A FATHER in Western Australia has posted an open complaint letter to Myer on his Facebook page, detailing an "embarrassing" experience at the Perth store last week.
The letter written by Shem Garlett and addressed to the Myer Perth store manager, begins by explaining he often shops at the Forrest Chase store as it is close to his work.
"My son Jaylen, 16, will be attending his upper school formal this weekend and I am extremely proud of the young man he's become," he writes.
"On Thursday 8 March at 4.30pm Jaylen and I were looking for a shirt and accessories to go with his suit which we bought from another shop. The lady helping us was extremely helpful and provided us great customer service. She helped match his shirt and accessories to his suit all within 20 minutes."
"While my son was trying on shirts I needed to use my phone to contact my girlfriend who was meeting us afterwards. The phone reception was bad so I made my way to the escalator area and allowed Jaylen to continue trying on shirts in the fitting room with the assistance of [the original shop assistant].
"While I was texting I heard a call over the intercom calling for security to attend the men's formal wear fitting room. Since my son was in the fitting room I made my way there to see if he was OK. As I neared the fitting room the staff from the nearby service desk had gathered. I asked the lady at the service desk if everything was OK. She told me that there was a boy unaccompanied in the change rooms that didn't have anything to try on so she called security."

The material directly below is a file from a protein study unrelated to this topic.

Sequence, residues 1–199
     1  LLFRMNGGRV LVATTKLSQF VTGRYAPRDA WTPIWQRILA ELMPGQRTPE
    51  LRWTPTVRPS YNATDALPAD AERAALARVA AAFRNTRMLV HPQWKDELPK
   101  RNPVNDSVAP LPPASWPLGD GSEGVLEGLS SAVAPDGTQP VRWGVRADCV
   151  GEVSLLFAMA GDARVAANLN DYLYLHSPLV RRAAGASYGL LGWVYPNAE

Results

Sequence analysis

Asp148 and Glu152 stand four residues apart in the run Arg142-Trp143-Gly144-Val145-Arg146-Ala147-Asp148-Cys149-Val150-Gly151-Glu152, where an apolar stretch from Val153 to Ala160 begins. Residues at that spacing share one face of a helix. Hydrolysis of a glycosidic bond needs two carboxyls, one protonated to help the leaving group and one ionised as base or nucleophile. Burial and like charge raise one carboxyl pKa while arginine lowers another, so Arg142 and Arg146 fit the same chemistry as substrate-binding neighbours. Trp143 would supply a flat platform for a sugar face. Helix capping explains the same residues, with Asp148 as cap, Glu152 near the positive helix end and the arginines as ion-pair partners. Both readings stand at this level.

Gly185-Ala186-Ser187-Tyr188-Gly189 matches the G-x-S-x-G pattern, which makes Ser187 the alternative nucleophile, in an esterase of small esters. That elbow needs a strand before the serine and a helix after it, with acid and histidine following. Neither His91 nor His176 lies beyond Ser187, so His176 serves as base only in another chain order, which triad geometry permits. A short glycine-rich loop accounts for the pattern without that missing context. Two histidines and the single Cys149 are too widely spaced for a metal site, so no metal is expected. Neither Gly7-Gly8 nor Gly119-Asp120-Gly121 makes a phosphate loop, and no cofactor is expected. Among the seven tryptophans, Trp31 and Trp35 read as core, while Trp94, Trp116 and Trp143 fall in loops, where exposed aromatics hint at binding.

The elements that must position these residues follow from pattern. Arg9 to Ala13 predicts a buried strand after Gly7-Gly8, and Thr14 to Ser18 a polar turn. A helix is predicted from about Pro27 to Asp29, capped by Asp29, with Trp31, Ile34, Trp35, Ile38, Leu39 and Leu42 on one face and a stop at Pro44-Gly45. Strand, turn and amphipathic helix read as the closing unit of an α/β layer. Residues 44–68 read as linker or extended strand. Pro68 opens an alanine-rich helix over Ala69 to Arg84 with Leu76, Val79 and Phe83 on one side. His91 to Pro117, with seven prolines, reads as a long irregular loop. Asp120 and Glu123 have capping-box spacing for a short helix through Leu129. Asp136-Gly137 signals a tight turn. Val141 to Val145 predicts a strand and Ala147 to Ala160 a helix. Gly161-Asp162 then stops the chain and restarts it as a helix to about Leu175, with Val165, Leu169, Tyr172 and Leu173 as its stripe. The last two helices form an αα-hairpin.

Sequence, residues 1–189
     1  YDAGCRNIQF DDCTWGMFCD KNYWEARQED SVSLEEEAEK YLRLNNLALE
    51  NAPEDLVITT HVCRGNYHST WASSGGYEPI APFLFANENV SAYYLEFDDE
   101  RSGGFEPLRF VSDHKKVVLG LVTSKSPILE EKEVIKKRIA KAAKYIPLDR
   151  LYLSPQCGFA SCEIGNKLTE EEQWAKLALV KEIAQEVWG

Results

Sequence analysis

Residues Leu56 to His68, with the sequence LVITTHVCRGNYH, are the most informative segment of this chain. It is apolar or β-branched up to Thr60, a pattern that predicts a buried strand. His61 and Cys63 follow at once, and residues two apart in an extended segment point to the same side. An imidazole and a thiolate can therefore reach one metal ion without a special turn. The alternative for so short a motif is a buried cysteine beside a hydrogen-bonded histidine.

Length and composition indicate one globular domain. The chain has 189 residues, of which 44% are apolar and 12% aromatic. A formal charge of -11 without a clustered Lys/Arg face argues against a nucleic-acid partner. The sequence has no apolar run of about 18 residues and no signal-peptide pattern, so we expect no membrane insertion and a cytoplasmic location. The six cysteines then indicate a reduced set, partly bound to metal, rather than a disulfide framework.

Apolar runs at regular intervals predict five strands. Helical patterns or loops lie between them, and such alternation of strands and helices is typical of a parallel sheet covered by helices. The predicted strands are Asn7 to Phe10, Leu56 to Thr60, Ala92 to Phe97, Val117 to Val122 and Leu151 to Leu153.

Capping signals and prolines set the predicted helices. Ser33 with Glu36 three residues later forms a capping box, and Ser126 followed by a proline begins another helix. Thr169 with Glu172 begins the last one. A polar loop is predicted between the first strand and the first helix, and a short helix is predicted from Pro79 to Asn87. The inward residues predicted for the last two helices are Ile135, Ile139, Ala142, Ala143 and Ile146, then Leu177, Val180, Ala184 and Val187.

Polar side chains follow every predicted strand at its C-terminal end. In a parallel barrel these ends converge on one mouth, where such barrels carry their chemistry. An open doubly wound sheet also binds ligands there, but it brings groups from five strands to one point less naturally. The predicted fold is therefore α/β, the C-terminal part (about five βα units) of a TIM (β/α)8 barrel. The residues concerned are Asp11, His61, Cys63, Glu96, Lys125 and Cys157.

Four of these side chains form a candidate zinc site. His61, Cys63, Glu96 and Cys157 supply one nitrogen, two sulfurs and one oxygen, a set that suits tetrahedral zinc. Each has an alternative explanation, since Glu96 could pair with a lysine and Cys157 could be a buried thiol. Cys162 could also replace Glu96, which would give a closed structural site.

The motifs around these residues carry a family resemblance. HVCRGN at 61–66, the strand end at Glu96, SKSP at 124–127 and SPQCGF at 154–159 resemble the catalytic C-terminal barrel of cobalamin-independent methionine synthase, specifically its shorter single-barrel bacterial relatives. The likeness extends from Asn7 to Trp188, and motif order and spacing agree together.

He went on to explain to the service desk staff that his son was waiting unattended in the change room as he was waiting for the original shop assistant to bring back another shirt for him to try on.
"She seemed stunned so I asked her why she called security for my son," he continues.
"She told me that last week a purse was taken from the service area, expecting me to understand. I asked what this had to do with my son, but no response ...
"I then explained to her that this is not the first time he's had security called on him and it is for this reason I don't allow him to shop in Myer or David Jones alone. I suggested that she was racially profiling as the only thing she would have noticed was a young Aboriginal man, in her mind, appearing to be in the wrong place. This is not grounds to make a panicked call for security over the intercom. She did not witness any crime being committed. There were at least 10 staff including security in the area within 30 seconds.
"Everyone looked confused and embarrassed when they saw [the original shop assistant] accompanying us to the other service desk to finalise our purchases. We spent more than $200 on a shirt and accessories but I was tempted to just walk away. I thanked the original shop assistant for her assistance and explained that she was the only reason why I didn't take our business elsewhere."
He goes on to state that this sort of occurrence is not an isolated incident and that many of his Aboriginal friends and family have had similar experiences of being "racially profiled" and "harassed" by security staff when shopping.
"I am not sure what your security protocols regarding customer surveillance are but I'd suggest that security calls be reserved for when there is real evidence of a theft being committed," he writes.